In this paper, the first photoelectrocatalytic (PEC) 3-pyridinemethanol oxidation to 3-pyridinemethanal and vitamin B3 was investigated. To meet this aim, efficient nanotube structured TiO2 on a Ti plate as a photoanode was prepared by an anodic oxidation method in ethylene glycol and characterized by XRD, SEM, and photocurrent techniques. The effect of nanotube morphology, applied potential, Na2SO4 concentration, stirring speed of solution, and pH on the reaction activity and product selectivities were investigated. The TiO2 phase of all of the anodes was mainly the anatase one. The PEC activity, the intensity of the XRD peak and the photocurrent increased by increasing the nanotube length. The activity decreased by decreasing both the Na2SO4 concentration and the applied potential, whereas 3-pyridinemethanal selectivity increased. By increasing the stirring speed of the solution, both the activity and the 3-pyridinemethanal selectivity increased. A lower or no activity was observed for photocatalytic (PC) and electrocatalytic runs, respectively, which were carried out for the sake of comparison. No PC activity was obtained in the presence of N2, but PEC reactions in the presence of N2 were faster than those in the presence of O2. The produced 3-pyridinemethanal in both N2 and O2 atmosphere was reduced at the cathode in the PEC reaction, but its oxidation appeared to be much more favourable. The PC reactions could not be carried out under acidic conditions, whilst the PEC ones could be performed in the pH range of 2–12. Moreover, the results indicate that the PEC method allows higher conversions and selectivities to vitamin B3 to be obtained at pH 7 with respect to those reported in the literature.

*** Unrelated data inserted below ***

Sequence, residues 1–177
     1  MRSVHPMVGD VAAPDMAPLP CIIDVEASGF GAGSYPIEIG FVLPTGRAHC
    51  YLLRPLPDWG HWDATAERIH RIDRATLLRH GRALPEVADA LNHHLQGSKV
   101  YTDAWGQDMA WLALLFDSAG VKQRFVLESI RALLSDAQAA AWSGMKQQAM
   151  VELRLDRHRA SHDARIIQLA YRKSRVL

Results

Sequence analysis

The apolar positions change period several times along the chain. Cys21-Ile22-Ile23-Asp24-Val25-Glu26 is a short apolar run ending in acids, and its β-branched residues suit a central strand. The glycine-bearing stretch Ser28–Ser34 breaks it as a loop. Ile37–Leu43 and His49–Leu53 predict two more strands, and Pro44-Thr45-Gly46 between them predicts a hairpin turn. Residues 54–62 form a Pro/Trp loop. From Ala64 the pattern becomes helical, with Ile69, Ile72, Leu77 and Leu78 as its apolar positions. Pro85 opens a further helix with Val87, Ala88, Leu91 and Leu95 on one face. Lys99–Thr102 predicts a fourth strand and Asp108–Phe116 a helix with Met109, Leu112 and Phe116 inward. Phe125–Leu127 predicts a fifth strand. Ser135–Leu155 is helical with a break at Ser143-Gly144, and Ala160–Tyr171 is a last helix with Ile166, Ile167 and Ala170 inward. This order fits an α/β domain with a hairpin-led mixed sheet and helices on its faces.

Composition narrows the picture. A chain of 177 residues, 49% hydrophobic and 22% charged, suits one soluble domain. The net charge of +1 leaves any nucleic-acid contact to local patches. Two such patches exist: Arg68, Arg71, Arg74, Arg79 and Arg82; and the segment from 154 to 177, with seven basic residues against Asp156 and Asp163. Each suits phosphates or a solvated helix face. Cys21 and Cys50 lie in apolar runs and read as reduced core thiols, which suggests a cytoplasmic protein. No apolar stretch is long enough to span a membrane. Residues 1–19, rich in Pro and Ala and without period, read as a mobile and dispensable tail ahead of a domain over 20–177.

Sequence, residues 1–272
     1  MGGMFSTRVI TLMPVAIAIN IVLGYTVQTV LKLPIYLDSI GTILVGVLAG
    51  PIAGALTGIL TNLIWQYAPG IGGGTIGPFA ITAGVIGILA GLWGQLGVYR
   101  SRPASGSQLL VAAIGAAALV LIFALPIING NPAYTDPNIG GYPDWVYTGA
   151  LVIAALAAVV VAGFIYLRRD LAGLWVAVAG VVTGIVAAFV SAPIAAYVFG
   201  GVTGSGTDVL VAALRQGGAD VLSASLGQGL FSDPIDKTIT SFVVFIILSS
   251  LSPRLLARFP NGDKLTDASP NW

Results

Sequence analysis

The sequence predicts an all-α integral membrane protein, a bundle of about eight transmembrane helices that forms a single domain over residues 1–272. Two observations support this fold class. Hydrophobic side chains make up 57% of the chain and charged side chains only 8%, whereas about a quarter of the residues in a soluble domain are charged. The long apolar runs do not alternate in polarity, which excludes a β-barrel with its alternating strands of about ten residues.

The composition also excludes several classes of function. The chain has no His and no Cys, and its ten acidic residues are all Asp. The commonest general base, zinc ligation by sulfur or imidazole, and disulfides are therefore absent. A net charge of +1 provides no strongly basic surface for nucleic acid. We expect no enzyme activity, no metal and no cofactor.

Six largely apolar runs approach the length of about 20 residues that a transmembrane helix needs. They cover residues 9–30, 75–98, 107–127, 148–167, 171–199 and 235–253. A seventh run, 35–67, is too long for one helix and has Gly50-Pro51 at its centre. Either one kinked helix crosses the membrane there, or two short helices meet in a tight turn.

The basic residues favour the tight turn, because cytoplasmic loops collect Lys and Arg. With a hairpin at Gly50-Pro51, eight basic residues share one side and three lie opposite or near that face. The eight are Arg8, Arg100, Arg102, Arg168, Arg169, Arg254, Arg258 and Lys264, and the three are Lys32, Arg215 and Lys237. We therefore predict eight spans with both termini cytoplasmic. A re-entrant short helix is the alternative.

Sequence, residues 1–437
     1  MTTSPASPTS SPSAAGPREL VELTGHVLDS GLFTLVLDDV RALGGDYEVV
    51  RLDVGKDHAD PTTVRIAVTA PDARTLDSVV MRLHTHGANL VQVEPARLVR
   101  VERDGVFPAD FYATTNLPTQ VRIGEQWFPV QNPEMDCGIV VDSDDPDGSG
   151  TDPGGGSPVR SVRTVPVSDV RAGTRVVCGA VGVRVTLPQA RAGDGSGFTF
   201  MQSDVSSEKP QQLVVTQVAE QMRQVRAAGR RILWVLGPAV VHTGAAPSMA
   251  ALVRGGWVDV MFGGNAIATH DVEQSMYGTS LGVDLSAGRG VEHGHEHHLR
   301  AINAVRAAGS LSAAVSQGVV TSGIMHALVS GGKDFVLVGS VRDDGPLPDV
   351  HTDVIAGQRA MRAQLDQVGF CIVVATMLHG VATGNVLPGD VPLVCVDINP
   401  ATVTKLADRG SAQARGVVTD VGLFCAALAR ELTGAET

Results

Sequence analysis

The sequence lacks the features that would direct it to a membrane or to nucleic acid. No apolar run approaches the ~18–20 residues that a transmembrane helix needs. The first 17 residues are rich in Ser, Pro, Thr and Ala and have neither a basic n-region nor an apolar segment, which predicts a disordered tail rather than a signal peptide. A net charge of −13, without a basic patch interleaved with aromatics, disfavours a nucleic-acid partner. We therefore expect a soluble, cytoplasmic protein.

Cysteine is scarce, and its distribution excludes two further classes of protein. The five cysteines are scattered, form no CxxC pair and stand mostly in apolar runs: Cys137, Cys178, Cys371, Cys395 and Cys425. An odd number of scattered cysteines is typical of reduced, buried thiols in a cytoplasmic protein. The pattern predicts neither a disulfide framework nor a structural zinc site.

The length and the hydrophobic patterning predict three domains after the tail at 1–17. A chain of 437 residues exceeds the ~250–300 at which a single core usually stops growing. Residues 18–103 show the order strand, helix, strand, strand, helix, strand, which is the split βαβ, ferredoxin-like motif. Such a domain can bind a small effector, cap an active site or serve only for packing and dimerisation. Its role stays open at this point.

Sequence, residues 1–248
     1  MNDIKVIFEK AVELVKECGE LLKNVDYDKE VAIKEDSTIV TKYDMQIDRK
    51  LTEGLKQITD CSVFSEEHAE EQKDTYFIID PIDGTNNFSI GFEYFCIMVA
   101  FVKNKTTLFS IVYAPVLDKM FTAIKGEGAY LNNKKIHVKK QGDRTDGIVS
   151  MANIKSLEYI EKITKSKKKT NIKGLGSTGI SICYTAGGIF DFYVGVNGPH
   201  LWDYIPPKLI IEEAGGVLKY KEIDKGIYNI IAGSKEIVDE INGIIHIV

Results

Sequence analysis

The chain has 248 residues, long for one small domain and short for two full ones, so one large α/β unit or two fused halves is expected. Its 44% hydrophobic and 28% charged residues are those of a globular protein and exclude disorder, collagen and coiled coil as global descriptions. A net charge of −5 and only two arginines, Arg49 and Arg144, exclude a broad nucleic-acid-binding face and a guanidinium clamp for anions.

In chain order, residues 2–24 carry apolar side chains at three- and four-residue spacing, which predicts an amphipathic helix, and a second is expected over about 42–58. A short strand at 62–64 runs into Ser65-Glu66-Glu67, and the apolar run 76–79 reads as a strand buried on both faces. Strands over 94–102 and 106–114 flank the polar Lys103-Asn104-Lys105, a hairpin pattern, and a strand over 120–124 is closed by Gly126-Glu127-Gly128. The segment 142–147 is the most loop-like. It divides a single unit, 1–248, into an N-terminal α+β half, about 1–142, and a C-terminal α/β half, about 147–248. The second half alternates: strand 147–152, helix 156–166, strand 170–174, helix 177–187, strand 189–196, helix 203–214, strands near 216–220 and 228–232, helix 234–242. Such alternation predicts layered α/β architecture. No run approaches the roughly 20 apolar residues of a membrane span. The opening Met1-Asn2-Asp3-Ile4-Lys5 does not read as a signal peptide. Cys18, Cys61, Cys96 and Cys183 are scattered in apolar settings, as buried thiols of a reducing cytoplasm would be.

|Number of pages||14|
|Journal||CATALYSIS SCIENCE & TECHNOLOGY|
|Publication status||Published - 2020|
All Science Journal Classification (ASJC) codes
Palmisano, L., Loddo, V., Yurdakal, S., Özcan, L., Çetinkaya, S., & Şarlak, M. B. (2020). Photoelectrocatalytic oxidation of 3-pyridinemethanol to 3-pyridinemethanal and vitamin B3 by TiO2 nanotubes. CATALYSIS SCIENCE & TECHNOLOGY, 10, 124-137.